Ollie returned the folder back to its proper place, closed the drawers, and prepared to leave the office. He had the evidence he needed to support the claim that Clyde Stock was benefiting from the accidents. Now all he would have to do is catch the man in the act of one such accident.
Locking the compartment door behind him, Oliver Queen hopped down from the step and started back down the line to his own car. Trying to act as casual as possible, he began to whistle lightly. As he passed the gap between cars, a voice called out to him, “Nice night for a stroll, eh?”
Ollie whirled back around, startled. “Who the…?”
From the shadows between the car emerged a familiar figure. “Relax, Ozzie, it’s just me,” said Freeman Scott. The dark-haired man hopped down and stepped into the light.
“You startled me, Scott,” Ollie said.
“You must be more careful when sneaking around at night,” Freeman said with a smile. “Of course, I’m sure I don’t have to remind you of that. You’re an expert at this covert stuff.”
Ollie cocked his head slightly. “What are you getting at?”
“Oh, don’t be coy with me, Ozzie.” He emphasized the name, almost to imply an unspoken if-that-is-your-name. “I know a professional when I see one.”
Ollie didn’t like the way the conversation was going, but he played ignorant. “What’re you talking about, man? You’re crazy.”
Freeman just smiled more. He was enjoying the game. “You can drop the act. I’ve got a great eye for detail; very few things escape me. And while I haven’t been around as long as you, I definitely don’t consider myself green.” He emphasized the last word, then gave him a wink.
Ollie rushed Freeman. “Look, buddy, I don’t know what you think you know, but you’re barking up the wrong tree.”
Suddenly, a loud voice interrupted the discussion. “Hey! What’s going on here?” It was Clyde Stock, accompanied by a couple of rather large guys. “What are you two doing out here?”
The two men glanced at one another, then back at the show’s owner.
“Nothing,” Oliver Queen said quickly.
“Talking,” Freeman Scott said at the same time.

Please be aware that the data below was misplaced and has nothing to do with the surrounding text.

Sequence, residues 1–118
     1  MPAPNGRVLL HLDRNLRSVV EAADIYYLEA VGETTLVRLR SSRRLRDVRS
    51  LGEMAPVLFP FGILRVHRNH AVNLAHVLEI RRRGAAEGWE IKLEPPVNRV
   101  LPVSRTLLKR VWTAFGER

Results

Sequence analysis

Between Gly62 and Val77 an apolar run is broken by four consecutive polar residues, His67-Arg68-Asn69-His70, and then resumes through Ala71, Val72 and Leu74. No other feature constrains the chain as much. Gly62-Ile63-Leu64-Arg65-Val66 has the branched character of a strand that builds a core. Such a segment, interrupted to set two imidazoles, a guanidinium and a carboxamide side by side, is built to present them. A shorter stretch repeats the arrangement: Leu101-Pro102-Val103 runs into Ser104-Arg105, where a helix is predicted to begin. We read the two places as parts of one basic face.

Clyde Stock looked at them both with an inquisitive eye. “Really? Which is it?”
“Talking,” said Queen at the same time Scott said, “Nothing.”
Stock stared at the two men again. “Well, whatever it is, go do it someplace else! Hear?”
“Yes, sir,” Queen said. “C’mon, let’s go!” He pushed the daredevil along, and they headed off down the tracks to another car.
Clyde Stock waited for them to get out of ear shot and then leaned in to the guys with whom he was standing. “Chuck, Dave, keep an eye on those two,” he said. “They looked too suspicious to be up to nothing.” The two large roustabouts nodded.
As they neared the cars that housed the living compartments for the performers, Oliver Queen stopped and pulled Freeman Scott aside. “Hey, I don’t appreciate you gettin’ me in trouble with the boss,” Queen said.
The black-haired daredevil smiled. “Oh, I’m certain you can handle someone like him,” Freeman said.
Ollie’s face began to turn red. He was quickly losing patience with the man. He grabbed Freeman Scott by the collar, but he then remembered his mission and quickly let him go. “Forget it!” he said as he started to walk off.
Freeman ran after him. “Wait a minute, wait,” he said, cutting in front of the blonde man. “Look, I’m sorry about that. I was just having some fun with you. Come on back to my compartment. I’ve got something to show you.”
Oliver Queen stopped for a moment and raised one eyebrow. “Sorry, kid, I’ve got a lot to think about right now.” And with that, he continued on his way to the car where his own compartment was.